Thursday, November 12, 2009

How to succeed at IVF !

We're called the fairer sex, but then, being a woman is not easy at times, especially when it comes to fertility and its related problems. When a woman is unable to conceive, it plays havoc with every other aspect of her life. Becoming pregnant takes precedence over everything else and you become obsessed with it. The ironic aspect of this is that the more you despair over having a baby, the higher your stress levels become and the less your chances of success.

If you’re unable to have a baby because of medical reasons, then IVF maximises your chances of success . With the embryo being developed in vitro in the lab , all you need for success in an IVF cycle is a lot of luck and a healthy uterus to carry the baby to term. The procedure has a 30 to 45 percent success rate, if you’re healthy and young enough.

I know a friend who went through three IVF cycles, each of which failed. She was finally too tired mentally and physically to continue which is when she said - enough is enough. Why do IVF cycles fail, especially after you’ve spent so much time and money investing in the process and the embryo has developed and is in your uterus? Why is the process of implantation so uncertain?

My friend was very depressed after the failure of the first cycle; she blamed herself for the failure and kept obsessing about what she was doing wrong and how she could have done more to ensure success. It was only after she had a heart to heart with her doctor that she realized that all the mother could do to try to conceive after an IVF cycle is to stay calm, be happy, do as the doctor instructs, and surround yourself with emotional support from family and loved ones. Beyond this, the technique depends on science, the skill and dedication of your team, and various other factors that are beyond the control of the woman.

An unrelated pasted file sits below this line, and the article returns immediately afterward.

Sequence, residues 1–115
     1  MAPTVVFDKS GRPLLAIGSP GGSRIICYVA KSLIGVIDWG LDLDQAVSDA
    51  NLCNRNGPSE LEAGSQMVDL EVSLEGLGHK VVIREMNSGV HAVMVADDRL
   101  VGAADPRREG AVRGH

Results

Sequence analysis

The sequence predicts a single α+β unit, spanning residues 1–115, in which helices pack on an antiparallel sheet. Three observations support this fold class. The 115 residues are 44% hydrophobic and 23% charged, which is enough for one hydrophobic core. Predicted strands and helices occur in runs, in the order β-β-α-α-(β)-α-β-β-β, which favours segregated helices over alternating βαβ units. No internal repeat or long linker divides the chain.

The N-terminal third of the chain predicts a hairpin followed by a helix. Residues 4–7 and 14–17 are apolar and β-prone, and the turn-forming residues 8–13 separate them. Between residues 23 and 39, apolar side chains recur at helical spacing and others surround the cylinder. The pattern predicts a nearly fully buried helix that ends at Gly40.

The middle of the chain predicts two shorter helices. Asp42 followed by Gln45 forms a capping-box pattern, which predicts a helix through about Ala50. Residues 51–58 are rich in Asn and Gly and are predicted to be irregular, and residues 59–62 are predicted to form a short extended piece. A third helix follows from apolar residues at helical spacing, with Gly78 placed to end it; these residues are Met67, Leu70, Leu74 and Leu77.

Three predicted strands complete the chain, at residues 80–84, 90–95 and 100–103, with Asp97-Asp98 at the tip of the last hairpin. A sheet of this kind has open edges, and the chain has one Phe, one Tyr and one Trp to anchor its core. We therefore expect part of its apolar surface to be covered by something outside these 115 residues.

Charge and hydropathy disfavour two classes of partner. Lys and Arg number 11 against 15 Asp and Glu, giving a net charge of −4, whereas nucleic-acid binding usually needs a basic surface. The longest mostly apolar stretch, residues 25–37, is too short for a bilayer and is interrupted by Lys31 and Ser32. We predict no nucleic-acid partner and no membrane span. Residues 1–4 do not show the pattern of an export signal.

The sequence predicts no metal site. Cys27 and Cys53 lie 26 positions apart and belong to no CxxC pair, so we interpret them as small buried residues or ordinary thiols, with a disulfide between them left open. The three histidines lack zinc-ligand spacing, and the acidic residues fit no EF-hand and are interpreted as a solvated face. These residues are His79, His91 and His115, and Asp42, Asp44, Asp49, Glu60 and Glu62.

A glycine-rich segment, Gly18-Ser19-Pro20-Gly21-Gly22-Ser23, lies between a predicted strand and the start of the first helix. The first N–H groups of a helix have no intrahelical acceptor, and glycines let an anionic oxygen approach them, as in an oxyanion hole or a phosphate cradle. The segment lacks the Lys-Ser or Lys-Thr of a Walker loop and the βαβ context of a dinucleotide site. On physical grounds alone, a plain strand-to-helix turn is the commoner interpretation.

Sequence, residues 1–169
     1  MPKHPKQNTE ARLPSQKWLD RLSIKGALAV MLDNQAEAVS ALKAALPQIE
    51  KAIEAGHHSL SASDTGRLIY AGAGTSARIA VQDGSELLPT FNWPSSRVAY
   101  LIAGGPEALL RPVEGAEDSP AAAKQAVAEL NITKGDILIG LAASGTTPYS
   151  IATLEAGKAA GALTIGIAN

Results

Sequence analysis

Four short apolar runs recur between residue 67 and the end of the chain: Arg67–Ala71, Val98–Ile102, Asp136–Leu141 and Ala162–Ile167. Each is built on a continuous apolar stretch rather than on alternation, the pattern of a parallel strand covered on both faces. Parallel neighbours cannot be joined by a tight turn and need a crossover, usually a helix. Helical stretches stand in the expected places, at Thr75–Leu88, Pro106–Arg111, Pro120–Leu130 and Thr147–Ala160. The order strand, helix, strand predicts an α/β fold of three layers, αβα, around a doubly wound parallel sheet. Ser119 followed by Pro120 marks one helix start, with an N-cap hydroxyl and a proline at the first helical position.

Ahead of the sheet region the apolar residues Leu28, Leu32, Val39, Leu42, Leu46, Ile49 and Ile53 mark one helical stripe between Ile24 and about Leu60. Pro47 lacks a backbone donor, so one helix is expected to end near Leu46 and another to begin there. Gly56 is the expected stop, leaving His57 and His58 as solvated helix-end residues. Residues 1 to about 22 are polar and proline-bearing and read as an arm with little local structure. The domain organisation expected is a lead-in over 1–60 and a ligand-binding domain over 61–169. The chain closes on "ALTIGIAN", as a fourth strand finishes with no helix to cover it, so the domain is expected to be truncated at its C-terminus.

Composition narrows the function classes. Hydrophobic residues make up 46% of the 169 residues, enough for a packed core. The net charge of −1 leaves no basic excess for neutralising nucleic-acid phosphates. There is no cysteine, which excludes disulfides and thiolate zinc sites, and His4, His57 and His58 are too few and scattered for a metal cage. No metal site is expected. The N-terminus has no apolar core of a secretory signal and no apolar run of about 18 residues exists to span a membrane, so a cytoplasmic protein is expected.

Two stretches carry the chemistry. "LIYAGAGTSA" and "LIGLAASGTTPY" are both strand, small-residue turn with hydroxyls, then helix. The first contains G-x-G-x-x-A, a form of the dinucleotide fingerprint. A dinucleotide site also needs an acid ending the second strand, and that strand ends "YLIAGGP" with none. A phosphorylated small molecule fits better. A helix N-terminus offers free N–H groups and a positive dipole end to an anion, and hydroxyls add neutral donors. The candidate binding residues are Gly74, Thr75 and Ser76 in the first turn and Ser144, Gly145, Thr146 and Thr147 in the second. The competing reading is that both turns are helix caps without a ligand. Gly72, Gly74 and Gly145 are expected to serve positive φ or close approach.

So if you’re preparing for an IVF cycle, go into it with a positive frame of mind. Try not to be too nervous and continue with your life throughout the treatment instead of obsessing over the fact that you’re preparing for a baby. Being prepared mentally improves your chance of success, so think good for good to happen.

This guest article was written by Jennifer Johnson, who regularly writes on the topic of nurse practitioner school . Jennifer welcomes your comments and questions at her email address: [email protected]

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